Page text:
The Best Tips for Implementing Change & Managing Resistance to Change in the Workplace
There is one commonality among all types of changes in the workplace, which is that people are naturally resistant to change.
If you understand this normal human behavior, then it’s much easier to learn how to implement change in the workplace successfully. Managing resistance is a big part of change management best practices, and it includes addressing employee resistance and transforming that into support.
This challenging feat takes skill, using the right tools, and knowing how to manage change in an organization correctly. This typically includes supporting change in the workplace using a change methodology as a guide.
What This Guide Provides to You
In this top AGS guide on managing changes in the workplace, we’re going to review best practices for implementing change management in the workplace, including how to avoid the problems that cause change to fail or fall short of expectations, as well as providing you with answers on how to manage change in an organization in any industry.
If you’re looking for proven strategies for implementing change in the workplace, you’ll find lots of excellent information below that can help.
Using a well-proven change methodology gives you a roadmap and critical insights on how to manage change. This translates to strategies for mitigating change resistance, enlisting a team of change champions, and tools for leading positive change in the workplace.
How to Implement Change Management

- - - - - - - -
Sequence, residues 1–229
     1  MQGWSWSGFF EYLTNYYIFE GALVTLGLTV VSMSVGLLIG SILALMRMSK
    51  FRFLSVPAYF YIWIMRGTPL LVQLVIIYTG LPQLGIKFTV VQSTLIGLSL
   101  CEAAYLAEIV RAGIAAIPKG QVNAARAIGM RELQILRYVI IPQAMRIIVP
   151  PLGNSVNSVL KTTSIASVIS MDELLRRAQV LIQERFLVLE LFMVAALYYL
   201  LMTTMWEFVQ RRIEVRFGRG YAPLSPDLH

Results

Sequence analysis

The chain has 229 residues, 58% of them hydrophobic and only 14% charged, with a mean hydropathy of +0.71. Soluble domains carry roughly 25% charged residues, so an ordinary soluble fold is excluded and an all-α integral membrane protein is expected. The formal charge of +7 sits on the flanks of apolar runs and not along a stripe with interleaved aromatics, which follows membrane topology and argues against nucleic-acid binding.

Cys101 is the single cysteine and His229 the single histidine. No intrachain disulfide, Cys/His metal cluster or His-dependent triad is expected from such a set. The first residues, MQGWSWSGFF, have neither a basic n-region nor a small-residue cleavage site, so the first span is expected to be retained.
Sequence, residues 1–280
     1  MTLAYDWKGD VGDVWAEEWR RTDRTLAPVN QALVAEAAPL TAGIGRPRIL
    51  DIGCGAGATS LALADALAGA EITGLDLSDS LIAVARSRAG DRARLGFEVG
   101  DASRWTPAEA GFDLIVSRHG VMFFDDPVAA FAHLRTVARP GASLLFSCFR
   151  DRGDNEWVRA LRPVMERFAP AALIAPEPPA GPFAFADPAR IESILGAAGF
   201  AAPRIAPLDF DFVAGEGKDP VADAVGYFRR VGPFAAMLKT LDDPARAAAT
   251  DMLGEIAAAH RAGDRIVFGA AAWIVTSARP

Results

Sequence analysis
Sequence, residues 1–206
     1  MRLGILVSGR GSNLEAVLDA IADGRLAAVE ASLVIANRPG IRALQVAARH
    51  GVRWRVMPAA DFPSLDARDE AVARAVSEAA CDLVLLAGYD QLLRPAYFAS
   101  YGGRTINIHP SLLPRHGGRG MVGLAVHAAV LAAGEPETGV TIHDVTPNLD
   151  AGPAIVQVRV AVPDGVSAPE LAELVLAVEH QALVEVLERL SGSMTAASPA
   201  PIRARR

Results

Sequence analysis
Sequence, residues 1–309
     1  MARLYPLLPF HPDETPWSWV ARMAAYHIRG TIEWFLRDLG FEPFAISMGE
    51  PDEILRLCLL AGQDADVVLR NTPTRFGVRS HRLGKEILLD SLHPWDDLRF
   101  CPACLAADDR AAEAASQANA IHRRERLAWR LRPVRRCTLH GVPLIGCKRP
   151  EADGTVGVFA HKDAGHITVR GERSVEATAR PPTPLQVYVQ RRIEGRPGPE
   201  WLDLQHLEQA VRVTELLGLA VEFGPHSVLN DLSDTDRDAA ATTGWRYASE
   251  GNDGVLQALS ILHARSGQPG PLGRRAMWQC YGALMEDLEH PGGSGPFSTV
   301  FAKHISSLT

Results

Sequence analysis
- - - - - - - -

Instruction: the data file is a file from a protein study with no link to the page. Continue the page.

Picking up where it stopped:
An average of 70% of change projects fail to achieve the desired results, which shows that just because an organization wants to make a change, doesn’t necessarily mean it’s going to go smoothly.
The benefits of change management best practices are that they address one of the biggest reasons change fails, which is leadership and employee resistance.
What is Managing Change in an Organization?
Change can happen for a number of reasons, and for many organizations, change happens regularly.
If you’ve ever searched “typical reasons for organizational change” or the UK spelling “typical reasons for organisational change,” you’re likely to get a long list.
The change covers any type of transition from an “old way” of doing things to a “new way” of doing things, and it can mean a change in management, software tools, or workflows.
Those leading change management are used to handling many different reasons for change, which can include:
- Mergers or acquisitions
- Digital transformation to new software
- Change in job roles
- Adding a new product or service
- Adopting a new business workflow
- Implementing cost-cutting measures
- Expanding and adding new offices or branches
Whatever the reason, managing change in the workplace means guiding employees, management, and other stakeholders through the desired change, ensuring all the logistics and tools are in place to support the change, and sustaining the change.
Knowing the best ways to implement change in the workplace includes understanding the human element of change and how change models and methodologies can help solve challenges of change in the workplace.
What Are the Challenges of Change in the Workplace?
Wouldn’t it be nice if you could just tell everyone about a change, and it would just happen magically without much effort? Unfortunately, that’s not the reality of managing change in the workplace.
There are multiple challenges when it comes to how to manage change, but if you know what they are and how to navigate around them, you have a much better chance of success.
Typical challenges of change in the workplace include everything from employee resistance to logistical problems. The following are some of the most common barriers to implementing change management in an organization.
Employee Resistance to Change